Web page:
“It’s scary, but we are not panicked because we are prepared. We expect it,” Chen said. – by Gerard Gallagher

Disclosure: The researchers report no relevant financial disclosures.

A Nevada woman died recently from an infection that was resistant to every antibiotic available to treat it, health officials said.

The woman, a Washoe County resident in her 70s, was hospitalized in Reno last Aug. 18 for systematic inflammatory response syndrome after returning from an extended stay in India, where she had a history of hospitalizations over the prior 2 years related to a right femur fracture, most recently in June.

The next day, doctors isolated carbapenem-resistant Enterobacteriaceae (CRE) — specifically, Klebsiella pneumoniae — from a right hip seroma and the woman was isolated in a single room under contact precautions.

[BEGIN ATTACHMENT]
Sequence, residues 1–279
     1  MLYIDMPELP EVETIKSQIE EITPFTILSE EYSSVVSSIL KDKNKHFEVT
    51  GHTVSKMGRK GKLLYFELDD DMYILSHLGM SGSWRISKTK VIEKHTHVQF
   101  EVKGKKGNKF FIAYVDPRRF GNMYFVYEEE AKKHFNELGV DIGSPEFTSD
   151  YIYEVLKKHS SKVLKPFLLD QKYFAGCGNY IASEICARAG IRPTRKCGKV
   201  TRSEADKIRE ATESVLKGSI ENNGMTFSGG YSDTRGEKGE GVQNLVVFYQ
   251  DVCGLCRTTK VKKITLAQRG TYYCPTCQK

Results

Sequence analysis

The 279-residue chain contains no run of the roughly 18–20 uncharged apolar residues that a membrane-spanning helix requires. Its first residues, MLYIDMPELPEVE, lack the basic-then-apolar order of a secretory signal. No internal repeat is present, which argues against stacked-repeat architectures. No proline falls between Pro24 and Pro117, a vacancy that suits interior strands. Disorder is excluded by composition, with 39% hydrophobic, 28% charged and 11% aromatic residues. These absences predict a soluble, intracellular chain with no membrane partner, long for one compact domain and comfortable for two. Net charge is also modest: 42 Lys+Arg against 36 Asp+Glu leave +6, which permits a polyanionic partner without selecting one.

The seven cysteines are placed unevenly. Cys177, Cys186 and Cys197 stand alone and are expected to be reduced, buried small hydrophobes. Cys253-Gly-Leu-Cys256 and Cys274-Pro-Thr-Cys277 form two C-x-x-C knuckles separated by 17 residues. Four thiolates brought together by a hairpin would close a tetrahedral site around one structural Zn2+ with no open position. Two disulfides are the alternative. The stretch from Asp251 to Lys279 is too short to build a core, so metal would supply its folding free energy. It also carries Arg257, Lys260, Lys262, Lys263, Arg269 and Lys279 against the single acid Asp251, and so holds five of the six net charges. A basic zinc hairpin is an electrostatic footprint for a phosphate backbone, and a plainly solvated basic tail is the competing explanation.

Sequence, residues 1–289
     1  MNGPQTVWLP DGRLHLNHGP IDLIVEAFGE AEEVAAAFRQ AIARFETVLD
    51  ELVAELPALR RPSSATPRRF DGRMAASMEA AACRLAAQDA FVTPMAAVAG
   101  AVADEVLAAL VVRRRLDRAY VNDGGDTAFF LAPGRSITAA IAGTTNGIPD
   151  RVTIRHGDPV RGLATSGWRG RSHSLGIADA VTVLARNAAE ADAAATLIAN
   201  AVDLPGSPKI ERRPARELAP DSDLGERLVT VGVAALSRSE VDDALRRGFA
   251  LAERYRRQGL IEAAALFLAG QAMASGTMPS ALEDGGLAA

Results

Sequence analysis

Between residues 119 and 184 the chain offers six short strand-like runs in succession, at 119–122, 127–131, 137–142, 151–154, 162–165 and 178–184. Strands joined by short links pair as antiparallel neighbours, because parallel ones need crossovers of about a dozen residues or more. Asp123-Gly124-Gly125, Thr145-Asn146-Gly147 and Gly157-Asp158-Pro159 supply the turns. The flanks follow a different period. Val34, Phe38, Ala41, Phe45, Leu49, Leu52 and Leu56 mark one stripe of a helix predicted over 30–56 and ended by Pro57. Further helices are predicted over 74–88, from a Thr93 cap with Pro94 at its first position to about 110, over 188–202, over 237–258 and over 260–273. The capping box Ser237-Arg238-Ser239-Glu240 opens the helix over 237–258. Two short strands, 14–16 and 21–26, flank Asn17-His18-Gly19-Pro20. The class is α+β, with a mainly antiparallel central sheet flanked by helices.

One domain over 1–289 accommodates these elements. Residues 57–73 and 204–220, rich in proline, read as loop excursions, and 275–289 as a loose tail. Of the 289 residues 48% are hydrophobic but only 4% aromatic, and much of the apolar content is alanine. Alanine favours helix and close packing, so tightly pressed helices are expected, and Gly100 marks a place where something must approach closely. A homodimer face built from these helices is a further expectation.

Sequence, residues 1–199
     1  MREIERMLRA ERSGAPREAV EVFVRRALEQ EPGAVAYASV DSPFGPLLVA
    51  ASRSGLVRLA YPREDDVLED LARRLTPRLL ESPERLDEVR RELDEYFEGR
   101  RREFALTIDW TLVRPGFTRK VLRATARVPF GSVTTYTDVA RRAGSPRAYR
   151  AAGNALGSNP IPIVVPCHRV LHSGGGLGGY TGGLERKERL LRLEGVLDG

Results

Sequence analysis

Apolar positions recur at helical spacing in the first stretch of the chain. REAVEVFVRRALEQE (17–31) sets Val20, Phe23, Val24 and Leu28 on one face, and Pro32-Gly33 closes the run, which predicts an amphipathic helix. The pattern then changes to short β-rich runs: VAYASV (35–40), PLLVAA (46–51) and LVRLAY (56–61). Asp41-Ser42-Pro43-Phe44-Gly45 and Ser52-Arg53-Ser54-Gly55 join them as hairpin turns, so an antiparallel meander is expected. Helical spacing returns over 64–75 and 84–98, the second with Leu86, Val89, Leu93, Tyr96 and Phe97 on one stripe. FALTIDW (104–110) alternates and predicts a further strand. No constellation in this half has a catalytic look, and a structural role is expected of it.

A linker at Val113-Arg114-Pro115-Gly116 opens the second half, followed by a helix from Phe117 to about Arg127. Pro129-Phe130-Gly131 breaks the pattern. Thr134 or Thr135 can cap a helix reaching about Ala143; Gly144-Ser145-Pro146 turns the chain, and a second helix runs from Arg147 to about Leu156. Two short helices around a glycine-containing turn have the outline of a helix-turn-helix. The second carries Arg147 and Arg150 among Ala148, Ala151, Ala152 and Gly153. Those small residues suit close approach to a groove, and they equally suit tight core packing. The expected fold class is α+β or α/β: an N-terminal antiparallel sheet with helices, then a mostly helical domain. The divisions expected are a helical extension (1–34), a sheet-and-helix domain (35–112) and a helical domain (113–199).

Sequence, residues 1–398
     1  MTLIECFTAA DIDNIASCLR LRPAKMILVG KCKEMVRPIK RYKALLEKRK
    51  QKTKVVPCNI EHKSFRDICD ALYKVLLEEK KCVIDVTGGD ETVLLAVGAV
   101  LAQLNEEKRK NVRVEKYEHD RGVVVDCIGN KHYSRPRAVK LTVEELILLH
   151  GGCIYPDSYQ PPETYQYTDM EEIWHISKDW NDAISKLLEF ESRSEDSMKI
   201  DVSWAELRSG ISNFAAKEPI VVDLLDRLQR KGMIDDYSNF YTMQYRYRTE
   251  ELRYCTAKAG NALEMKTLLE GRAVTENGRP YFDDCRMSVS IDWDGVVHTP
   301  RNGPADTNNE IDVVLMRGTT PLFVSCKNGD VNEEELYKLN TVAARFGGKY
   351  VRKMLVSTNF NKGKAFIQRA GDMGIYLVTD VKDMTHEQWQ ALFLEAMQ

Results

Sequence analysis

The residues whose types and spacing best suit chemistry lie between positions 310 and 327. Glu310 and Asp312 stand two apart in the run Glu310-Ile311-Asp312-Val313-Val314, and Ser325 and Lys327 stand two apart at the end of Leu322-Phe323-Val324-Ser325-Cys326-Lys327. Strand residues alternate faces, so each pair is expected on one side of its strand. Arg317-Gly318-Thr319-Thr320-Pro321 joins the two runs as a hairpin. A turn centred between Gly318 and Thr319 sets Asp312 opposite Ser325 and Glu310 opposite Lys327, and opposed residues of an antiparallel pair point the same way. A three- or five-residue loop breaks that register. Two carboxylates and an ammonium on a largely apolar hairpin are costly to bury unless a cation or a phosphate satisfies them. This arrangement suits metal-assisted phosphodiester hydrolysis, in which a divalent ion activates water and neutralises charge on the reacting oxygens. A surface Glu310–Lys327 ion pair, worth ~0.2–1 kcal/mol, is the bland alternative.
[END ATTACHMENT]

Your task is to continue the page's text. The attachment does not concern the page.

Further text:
The infection was resistant to all 14 available antibiotics at the hospital, according to Lei Chen, PhD, epidemiology program manager for the Washoe County Health District. CDC testing later showed that the infection was resistant to all 26 antibiotics that could be used to treat it.

The woman died in September. Her death certificate listed three causes of death: cardiac arrest, respiratory failure and septic shock, Chen said.

“It’s scary to everyone because we’re out of treatment options,” Chen told Infectious Disease News. “Truly, it’s scary.”

Thomas Frieden
Thomas R. Frieden

CDC Director Thomas R. Frieden, MD, MPH, has called CRE “nightmare bacteria” and has urged the health care community to work together to stop the infections from spreading. In the Nevada case, the health department worked with the hospital to screen every patient in the same unit and no further cases of CRE were identified. Luckily, Chen said, the patient did not have a roommate while she was hospitalized.